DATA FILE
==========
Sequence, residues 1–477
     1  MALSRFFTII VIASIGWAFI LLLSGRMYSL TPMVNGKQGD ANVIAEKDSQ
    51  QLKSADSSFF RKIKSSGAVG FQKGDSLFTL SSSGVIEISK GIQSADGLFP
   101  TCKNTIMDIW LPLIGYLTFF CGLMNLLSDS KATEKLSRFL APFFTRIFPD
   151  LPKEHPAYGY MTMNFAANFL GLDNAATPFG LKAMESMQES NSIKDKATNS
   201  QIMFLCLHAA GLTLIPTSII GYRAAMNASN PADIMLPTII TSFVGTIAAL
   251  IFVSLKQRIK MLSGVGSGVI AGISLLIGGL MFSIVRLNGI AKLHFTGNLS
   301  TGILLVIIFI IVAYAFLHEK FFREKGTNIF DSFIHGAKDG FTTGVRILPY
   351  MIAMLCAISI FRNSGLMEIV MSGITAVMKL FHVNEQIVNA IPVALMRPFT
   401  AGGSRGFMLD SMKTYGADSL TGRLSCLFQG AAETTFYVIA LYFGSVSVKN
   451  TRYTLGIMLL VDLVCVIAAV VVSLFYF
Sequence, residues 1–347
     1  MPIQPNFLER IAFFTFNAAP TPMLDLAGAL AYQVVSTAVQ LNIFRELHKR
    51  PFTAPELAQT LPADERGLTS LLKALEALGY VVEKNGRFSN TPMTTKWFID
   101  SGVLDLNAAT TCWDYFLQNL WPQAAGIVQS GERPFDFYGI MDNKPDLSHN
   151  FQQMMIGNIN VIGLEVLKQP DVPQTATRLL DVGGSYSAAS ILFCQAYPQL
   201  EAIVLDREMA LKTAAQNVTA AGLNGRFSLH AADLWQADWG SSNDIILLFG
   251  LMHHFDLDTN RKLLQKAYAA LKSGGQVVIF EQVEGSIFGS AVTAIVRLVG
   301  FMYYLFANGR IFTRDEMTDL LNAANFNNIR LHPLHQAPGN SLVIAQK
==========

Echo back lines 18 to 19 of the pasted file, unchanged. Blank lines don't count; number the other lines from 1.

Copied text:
   251  LMHHFDLDTN RKLLQKAYAA LKSGGQVVIF EQVEGSIFGS AVTAIVRLVG
   301  FMYYLFANGR IFTRDEMTDL LNAANFNNIR LHPLHQAPGN SLVIAQK